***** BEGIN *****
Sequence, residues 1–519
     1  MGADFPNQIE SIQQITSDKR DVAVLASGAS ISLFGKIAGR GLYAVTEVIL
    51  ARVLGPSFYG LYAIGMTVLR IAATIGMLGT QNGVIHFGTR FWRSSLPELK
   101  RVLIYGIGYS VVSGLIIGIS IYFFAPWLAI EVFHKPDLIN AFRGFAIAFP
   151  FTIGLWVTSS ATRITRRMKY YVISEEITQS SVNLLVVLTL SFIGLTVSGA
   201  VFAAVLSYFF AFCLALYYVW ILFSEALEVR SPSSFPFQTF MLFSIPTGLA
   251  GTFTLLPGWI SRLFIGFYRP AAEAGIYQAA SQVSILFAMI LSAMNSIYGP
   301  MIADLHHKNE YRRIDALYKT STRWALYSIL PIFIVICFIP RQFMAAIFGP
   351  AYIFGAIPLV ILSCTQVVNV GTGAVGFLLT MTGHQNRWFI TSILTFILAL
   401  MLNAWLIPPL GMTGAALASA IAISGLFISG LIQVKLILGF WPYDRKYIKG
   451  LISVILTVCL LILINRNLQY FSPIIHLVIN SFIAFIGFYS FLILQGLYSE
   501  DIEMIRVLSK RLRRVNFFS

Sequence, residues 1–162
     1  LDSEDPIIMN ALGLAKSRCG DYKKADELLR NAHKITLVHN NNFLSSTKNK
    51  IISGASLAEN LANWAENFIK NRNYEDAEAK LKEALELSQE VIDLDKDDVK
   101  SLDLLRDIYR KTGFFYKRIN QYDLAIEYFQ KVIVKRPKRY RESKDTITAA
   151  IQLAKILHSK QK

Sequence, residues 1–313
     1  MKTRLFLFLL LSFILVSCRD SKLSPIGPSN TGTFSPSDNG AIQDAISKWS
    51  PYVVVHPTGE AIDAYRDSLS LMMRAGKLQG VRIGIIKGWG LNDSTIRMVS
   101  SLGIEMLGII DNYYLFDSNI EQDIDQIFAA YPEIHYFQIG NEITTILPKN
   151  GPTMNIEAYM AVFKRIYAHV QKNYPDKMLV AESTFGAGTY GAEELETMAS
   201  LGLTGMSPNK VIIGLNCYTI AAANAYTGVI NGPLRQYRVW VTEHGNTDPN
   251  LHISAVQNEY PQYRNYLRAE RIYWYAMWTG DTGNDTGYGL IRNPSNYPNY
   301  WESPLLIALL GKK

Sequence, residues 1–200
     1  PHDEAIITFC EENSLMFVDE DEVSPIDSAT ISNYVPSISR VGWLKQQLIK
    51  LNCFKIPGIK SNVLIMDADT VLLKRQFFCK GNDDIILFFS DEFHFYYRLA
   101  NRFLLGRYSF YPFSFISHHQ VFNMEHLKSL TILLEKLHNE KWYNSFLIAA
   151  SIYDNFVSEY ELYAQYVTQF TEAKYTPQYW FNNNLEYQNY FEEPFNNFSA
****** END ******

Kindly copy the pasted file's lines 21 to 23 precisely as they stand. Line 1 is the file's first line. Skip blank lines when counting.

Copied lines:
   101  SLGIEMLGII DNYYLFDSNI EQDIDQIFAA YPEIHYFQIG NEITTILPKN
   151  GPTMNIEAYM AVFKRIYAHV QKNYPDKMLV AESTFGAGTY GAEELETMAS
   201  LGLTGMSPNK VIIGLNCYTI AAANAYTGVI NGPLRQYRVW VTEHGNTDPN